Budget in growth for 2021

by | Dec 19, 2020

Hey, I’m Michael Eckstein 👋, and this is ‘Ordinary & Necessary’, a weekly newsletter about the boring business topics that don’t get enough traction on the web, but will help you manage and grow your business. You signed up on my website. If you’d like to unsubscribe, just click the link at the bottom of this email. No harm, no foul, I’d love to have you back sometime.

It’s annual budget season! Annual budgets are a great tool to understand your business and plan your upcoming financial year. A good annual budget can help you forecast revenue, allocate funds for expenses, then give you benchmarks to look back on at the end of next year. (Also, “sorry, I’ve already allocated my budget,” is a great excuse to give persistent salespeople 😉)

But, many annual budgets (and blogs about them) fall short when estimating new, increased expenses. They assume your business will grow without any new expenses to drive that growth. But, as your revenue increases, so will your fulfillment costs. Your payroll, supplies, software, and cost of goods sold will all increase to meet the new demand. Sometimes, that increase will be proportional (eg, cost of goods sold, supplies) and other times, it’ll jump all at once (eg hiring a new employee).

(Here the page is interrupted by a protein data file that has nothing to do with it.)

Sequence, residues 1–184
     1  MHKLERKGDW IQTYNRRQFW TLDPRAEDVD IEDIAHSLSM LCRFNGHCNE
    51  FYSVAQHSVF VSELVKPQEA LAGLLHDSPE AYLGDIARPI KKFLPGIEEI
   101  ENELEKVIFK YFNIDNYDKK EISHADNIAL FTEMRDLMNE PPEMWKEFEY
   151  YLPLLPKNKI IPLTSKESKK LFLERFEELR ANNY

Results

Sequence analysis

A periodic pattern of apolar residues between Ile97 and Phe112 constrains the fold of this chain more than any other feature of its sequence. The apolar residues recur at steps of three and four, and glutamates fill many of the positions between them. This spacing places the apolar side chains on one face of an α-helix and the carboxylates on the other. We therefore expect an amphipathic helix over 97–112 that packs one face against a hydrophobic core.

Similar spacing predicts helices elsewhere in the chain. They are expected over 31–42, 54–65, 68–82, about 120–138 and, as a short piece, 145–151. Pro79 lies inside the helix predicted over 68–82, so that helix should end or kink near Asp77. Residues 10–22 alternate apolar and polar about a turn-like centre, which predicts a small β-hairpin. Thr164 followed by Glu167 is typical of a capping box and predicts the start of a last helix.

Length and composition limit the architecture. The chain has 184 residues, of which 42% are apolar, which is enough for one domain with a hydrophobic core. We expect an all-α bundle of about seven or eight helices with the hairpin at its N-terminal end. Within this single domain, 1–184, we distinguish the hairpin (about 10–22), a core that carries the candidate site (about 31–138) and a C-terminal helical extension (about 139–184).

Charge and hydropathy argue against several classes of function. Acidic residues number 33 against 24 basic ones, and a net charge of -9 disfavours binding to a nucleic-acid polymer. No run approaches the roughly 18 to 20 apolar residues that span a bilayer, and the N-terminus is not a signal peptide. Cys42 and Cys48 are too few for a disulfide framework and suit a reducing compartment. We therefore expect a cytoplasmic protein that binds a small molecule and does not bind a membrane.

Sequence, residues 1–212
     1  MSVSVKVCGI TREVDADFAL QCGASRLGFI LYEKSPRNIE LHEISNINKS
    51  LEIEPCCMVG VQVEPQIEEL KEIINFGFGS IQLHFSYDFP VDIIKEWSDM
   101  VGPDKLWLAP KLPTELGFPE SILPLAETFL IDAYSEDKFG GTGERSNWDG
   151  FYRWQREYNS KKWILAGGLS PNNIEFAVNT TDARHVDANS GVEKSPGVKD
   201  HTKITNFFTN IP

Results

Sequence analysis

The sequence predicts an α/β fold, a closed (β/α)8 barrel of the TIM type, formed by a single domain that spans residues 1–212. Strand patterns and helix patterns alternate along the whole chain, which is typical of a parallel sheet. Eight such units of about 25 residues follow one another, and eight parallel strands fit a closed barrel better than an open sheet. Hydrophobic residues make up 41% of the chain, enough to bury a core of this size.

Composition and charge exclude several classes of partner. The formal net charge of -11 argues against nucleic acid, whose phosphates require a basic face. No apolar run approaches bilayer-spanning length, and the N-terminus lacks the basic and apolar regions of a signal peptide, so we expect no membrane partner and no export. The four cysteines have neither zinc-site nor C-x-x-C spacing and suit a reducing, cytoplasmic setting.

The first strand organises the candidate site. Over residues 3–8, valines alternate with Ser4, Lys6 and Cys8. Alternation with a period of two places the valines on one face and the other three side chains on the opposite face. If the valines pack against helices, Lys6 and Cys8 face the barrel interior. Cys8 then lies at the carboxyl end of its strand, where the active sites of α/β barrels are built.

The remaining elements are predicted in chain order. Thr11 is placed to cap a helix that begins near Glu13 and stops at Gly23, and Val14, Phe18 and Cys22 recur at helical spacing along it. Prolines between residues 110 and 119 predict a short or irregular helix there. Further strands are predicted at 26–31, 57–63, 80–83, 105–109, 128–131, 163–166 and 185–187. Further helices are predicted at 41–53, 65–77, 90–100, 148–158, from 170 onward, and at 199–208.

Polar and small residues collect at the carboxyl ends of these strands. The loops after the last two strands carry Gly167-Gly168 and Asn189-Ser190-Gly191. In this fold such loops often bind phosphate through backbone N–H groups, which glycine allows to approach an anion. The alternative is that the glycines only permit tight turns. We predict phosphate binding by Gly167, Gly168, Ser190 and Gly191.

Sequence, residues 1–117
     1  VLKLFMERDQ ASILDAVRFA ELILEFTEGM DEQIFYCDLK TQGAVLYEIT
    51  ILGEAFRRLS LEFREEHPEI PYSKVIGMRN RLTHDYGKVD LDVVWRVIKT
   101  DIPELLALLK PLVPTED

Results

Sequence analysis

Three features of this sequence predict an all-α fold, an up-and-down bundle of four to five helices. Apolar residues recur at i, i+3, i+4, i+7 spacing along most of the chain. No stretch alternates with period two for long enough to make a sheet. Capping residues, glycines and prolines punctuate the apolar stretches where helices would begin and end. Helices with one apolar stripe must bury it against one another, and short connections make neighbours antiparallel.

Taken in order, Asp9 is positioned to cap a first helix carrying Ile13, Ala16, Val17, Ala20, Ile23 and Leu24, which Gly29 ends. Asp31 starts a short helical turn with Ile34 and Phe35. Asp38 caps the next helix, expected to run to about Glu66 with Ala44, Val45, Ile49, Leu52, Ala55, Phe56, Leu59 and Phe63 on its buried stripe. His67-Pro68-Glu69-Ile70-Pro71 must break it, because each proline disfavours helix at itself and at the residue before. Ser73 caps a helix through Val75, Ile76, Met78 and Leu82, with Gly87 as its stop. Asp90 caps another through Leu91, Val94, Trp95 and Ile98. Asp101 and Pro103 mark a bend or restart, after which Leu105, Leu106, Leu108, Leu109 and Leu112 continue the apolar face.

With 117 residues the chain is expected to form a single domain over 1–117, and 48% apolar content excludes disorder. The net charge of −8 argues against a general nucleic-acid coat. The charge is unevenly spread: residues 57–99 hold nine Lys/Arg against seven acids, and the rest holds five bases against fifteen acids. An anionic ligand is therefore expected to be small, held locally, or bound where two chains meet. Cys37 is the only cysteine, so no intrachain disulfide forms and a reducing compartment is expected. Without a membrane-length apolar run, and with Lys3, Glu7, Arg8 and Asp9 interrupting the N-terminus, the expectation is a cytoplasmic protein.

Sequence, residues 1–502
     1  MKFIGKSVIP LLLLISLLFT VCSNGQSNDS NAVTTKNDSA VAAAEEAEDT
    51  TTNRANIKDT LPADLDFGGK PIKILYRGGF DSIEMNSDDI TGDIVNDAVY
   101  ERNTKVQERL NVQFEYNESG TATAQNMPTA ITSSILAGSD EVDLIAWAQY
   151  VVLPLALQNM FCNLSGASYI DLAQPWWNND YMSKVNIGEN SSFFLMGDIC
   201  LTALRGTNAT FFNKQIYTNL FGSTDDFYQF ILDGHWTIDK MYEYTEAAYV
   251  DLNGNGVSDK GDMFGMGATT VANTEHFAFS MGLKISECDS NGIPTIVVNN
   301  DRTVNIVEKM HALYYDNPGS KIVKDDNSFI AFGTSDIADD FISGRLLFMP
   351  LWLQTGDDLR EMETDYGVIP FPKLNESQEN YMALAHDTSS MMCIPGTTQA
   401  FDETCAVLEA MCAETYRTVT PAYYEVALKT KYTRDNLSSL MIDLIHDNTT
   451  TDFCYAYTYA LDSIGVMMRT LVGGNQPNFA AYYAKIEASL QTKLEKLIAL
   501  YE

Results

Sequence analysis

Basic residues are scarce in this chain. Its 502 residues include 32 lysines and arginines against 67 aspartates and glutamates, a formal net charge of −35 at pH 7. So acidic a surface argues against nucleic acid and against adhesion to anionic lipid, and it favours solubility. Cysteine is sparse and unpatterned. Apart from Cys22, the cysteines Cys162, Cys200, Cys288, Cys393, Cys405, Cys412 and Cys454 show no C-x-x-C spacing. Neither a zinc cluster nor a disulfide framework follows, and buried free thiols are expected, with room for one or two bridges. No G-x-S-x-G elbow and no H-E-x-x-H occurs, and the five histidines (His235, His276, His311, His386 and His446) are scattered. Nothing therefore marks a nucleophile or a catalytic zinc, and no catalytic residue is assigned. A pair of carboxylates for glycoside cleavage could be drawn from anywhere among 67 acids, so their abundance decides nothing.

On top of that, annual budgets rarely include the expense of getting to that new revenue goal. As the saying goes, you need to spend money to make money. You need to budget in growth.

Budget for:

Marketing: Unless you have a strong referral base, you’ll probably need to invest some amount of money into marketing. It doesn’t have to be a new website or increased ad spend. But, it should be something that helps get the word out. For example, if you’re a great networker, it could be budgeting in $150/mo for weekly lunches with colleagues.

Education: Education isn’t just another degree or professional continuing education. It can be online courses, paid Patreon/Facebook groups, books, or even a business advisor/coach. Good education will save you time and money. Instead of learning from your mistakes, you’ll learn from someone else that’s been there before.

Retirement: I know, it’s boring (and not exactly budgeting for growth). But, if you don’t budget in saving and set the money aside, no one else will. Put retirement savings in your annual budget and actively contribute it to a retirement account.

Action item: Set an ‘invest in my business’ budget. It can be $50/mo or $1,000/mo. Whatever makes sense.

Have a great weekend, stay safe, and merry Christmas! 🎅
Michael Eckstein

P.S. If you’re into electronic music, every major DJ has streamed sets during quarantine. I’ve had this set by Purple Disco Machine on repeat: Live from Dresden

Pin It on Pinterest